Tea leaves
World's oldest tea discovered from the tomb of a Chinese emperor China Photos/ Getty images

Archaeologists have discovered the world's oldest tea from among the treasures buried along with a Chinese emperor who ruled more than 2150 years ago. The new discovery was made by researchers from the Chinese Academy of Sciences.

A large packet of tea stashed away in the tomb of Emperor Jing of Han – personal name Liu Qi – of the Chinese Han dynasty was recovered by archaeologists. Scientific research shows Emperor Jing, the fourth emperor of the Western Han Dynasty enjoyed the drink so much that he wanted to be buried with tea leaves.

This also provides some of the earliest evidence for the ancient Silk Road trade route that grew to stretch across Asia from China to Europe, according to the Independent.

The research has been published in Nature's online open access journal Scientific Reports. So far, no tea of that antiquity has ever been found, the Independent reported. However, there is an ancient Chinese text that claimed China was exporting tea leaves to Tibet thousands of years ago.

"The discovery shows how modern science can reveal important previously unknown details about ancient Chinese culture. The identification of the tea found in the emperor's tomb complex gives us a rare glimpse into very ancient traditions which shed light on the origins of one of the world's favourite beverages," said Professor Dorian Fuller, Director of the International Centre for Chinese Heritage and Archaeology, based in UCL, London.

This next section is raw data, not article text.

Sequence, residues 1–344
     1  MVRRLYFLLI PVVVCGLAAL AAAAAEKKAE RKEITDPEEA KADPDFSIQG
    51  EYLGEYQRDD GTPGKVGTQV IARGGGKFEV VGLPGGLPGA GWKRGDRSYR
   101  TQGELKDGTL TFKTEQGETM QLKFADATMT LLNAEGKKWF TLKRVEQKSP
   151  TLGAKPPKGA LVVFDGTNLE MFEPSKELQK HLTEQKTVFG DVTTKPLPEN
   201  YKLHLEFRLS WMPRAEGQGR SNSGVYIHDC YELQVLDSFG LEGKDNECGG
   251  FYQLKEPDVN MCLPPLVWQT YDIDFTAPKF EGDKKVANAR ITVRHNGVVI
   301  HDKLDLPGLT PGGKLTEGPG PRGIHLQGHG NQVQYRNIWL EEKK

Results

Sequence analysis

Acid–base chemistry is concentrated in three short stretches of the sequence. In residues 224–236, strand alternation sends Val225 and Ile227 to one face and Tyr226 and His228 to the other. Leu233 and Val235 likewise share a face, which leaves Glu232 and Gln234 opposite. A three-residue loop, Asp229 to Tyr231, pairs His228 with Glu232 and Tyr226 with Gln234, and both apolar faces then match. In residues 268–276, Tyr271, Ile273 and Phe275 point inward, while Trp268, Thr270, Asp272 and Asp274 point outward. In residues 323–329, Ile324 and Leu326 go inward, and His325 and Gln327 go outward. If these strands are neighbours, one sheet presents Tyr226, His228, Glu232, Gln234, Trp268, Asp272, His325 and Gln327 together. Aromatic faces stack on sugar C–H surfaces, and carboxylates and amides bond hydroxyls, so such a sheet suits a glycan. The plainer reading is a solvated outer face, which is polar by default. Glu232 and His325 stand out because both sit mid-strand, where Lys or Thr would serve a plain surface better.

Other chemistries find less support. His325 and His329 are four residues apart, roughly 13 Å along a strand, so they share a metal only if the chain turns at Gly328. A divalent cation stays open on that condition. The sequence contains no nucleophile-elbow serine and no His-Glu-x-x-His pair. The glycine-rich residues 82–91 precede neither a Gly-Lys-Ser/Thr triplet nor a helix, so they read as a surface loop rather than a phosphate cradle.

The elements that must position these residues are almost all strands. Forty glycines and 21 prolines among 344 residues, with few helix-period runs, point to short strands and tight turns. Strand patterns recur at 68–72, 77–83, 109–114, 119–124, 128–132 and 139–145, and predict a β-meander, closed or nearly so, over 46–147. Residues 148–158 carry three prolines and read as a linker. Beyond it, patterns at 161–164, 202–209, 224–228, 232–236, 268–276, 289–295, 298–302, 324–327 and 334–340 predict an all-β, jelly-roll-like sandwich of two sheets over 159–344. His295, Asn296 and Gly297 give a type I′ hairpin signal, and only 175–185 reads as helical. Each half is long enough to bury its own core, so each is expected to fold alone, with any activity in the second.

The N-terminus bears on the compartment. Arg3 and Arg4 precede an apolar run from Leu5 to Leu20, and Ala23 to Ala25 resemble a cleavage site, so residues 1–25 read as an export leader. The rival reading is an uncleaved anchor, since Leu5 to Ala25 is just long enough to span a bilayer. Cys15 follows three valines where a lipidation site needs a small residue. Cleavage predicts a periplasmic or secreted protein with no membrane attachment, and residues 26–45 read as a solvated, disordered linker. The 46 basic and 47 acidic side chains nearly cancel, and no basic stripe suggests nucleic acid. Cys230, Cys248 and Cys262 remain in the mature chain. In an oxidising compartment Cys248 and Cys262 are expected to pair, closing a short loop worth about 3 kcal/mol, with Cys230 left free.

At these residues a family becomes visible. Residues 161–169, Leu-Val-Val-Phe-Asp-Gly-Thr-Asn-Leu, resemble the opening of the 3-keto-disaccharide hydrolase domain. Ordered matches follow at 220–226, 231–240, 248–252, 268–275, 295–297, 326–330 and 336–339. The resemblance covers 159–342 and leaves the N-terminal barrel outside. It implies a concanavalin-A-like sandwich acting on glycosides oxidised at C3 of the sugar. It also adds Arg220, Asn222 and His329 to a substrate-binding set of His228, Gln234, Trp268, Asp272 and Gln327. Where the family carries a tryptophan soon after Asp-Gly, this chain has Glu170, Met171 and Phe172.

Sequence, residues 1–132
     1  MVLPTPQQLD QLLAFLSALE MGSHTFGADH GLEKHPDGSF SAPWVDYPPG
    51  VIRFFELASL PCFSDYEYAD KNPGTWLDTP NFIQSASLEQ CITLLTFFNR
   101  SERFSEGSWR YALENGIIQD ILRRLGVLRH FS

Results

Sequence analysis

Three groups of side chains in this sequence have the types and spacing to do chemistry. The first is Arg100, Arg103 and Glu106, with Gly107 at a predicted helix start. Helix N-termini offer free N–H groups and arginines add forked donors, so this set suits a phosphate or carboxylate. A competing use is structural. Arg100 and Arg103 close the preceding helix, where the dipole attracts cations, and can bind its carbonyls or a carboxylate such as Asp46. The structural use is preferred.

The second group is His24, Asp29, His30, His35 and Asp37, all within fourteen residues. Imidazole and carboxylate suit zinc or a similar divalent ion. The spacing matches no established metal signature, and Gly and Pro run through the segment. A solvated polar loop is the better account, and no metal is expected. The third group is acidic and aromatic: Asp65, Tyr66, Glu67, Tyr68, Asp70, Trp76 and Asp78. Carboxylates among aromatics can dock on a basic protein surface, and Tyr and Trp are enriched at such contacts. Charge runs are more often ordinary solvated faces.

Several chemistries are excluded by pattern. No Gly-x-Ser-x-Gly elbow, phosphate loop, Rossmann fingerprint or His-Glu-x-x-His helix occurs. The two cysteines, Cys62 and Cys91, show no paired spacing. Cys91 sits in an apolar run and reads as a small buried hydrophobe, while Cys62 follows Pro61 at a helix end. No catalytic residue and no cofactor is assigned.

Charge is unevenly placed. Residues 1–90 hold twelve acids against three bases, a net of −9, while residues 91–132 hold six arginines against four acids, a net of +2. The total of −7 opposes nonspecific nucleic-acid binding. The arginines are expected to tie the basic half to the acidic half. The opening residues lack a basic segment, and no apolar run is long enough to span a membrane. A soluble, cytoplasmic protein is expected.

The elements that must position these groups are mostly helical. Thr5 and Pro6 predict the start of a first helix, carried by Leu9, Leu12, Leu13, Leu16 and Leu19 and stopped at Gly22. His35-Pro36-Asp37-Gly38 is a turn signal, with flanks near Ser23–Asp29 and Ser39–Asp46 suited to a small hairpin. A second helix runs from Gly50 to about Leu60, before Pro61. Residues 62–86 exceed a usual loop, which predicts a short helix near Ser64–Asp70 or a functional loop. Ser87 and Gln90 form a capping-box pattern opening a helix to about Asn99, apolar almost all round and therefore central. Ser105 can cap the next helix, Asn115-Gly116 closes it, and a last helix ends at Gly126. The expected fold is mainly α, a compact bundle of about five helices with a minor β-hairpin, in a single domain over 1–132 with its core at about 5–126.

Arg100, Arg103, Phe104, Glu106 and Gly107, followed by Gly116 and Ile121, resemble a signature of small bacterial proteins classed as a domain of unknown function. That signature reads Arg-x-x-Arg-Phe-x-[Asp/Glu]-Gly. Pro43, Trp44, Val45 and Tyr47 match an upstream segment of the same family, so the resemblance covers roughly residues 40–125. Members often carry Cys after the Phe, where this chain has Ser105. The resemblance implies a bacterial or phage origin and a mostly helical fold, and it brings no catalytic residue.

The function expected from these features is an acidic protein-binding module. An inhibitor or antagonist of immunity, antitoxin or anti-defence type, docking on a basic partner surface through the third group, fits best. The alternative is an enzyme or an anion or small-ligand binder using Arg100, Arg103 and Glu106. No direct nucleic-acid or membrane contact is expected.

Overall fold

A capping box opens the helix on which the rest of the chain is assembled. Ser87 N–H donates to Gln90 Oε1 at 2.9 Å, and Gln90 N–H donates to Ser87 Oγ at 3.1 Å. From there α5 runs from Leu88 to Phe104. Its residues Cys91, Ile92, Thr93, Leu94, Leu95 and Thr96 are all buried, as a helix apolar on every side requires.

Since the emperor died in 141 BC, the tea dates back to around that year. Along with tea packets, other items were also discovered from the tomb.

Meanwhile, officials at the academy said that the tea discovered in the Emperor's tomb seem to be of the finest quality, consisting only tea buds – the small unopened leaves of the tea plant that is of superior quality as compared to ordinary tea leaves.

The team came to the conclusion by examining tiny crystals caught between hairs on the surface of the leaves. With the help of mass spectrometry, archaeologists were able to figure out that the leaves, buried along in the mid second century BC were actually tea.

Apart from the tea packets, scientific analysis of the Emperor's tomb revealed that millet, rice and chenopod – a type of a flowering plant – were also buried in his tomb. Other items included weapons, pottery figurines, an "army" of ceramic animals and several real life-size chariots along with horses.

The tomb is located near the Emperor Jing Di's capital Chang'an (modern Xian). Although the site was excavated back in the 1990s, it is only now that scientific examination of the organic finds has identified the tea leaves.